We store cookies, you can get more info from our privacy policy.

North America

Mega Man Zero 2

by Mike Sklens - October 16, 2003, 8:20 pm EDT

Zero's back, and he's tougher than ever.

At this current moment I’m verging on furious. If you’re wondering why, the answer is simple. Mega Man Zero 2, the sequel to one of the hardest platform shooters ever, makes its predecessor look like a walk in the park. After playing through the first few missions multiple times, I have still not been able to even reach the level bosses, although I can ace the intro stage with no problems.

Mega Man Zero 2 takes place a year after the original. Zero is looking for Ciel and the reploids when he gets into trouble. Thankfully, he is right near the reploids’ base, and signs back up for their army, but the new commander seems a little odd. The story unfolds as Zero goes through various missions.

The game plays almost identically to the first. After taking a mission, Zero is transported to the level, and the mission begins. The missions are, in a word, difficult. Zero’s health bar starts out pitifully small, and enemies deal generous amounts of damage. This combination makes it quite easy to be killed. There are also long jumps and spikes scattered about, just in case the game wasn’t tough enough already.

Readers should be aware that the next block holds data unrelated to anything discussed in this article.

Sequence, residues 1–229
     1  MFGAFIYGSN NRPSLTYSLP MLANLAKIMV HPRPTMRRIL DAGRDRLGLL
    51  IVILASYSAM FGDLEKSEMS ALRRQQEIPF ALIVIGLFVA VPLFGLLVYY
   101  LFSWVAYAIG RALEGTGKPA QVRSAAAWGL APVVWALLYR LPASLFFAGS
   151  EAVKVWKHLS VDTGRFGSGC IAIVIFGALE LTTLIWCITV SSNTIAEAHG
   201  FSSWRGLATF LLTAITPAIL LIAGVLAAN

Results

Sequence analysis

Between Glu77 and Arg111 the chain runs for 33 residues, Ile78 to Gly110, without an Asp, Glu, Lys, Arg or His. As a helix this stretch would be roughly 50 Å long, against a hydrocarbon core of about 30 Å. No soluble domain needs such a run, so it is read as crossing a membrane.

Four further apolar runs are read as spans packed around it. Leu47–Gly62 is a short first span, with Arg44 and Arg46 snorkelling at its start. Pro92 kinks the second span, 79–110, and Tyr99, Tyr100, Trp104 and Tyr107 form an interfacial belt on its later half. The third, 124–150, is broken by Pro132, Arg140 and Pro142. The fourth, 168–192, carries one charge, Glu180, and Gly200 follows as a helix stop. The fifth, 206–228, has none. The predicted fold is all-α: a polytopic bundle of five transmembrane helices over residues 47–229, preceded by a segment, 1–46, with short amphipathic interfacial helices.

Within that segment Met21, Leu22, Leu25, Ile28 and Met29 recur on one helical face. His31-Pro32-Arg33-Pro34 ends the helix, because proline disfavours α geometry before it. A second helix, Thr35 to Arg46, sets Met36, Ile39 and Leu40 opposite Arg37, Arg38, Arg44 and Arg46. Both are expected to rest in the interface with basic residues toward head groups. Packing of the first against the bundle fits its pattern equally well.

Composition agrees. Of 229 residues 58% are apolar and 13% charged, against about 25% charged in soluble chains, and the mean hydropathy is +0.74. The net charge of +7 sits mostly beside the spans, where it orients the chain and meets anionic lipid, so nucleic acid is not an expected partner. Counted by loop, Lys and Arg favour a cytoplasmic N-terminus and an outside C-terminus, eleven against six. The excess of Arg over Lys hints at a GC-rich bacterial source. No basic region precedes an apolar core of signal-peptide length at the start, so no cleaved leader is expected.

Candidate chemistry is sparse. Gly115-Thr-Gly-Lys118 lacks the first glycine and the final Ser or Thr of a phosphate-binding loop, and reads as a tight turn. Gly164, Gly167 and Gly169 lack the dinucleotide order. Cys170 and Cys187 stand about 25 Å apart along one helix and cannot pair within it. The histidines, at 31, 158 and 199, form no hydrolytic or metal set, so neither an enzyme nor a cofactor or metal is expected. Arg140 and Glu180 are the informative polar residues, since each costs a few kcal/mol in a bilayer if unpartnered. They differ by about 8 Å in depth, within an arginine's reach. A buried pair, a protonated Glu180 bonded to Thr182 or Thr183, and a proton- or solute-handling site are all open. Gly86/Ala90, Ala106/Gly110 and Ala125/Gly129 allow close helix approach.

Zero’s new weapon, the chain grapple (which replaces the rod) is interesting, but brutally difficult to use. That wouldn’t be much of a problem, excepting the fact that it is often required to cross long gaps. Getting the grapple to stick is amazingly hard and I’ve found my self cursing and have been extremely close to chucking my Game Boy Advance SP across the room.

To those who’ve played Mega Man Zero, none of this should seem too extreme, as that game was already difficult. So far, Zero 2 has proved to be an even more challenging adventure with some cool new features, as well as a crummy new weapon.

Share + Bookmark

Genre Action
Developer Capcom

Worldwide Releases

na: Mega Man Zero 2
Release Oct 14, 2003
jpn: RockMan Zero 2
Release May 02, 2003

Related Content

Got a news tip? Send it in!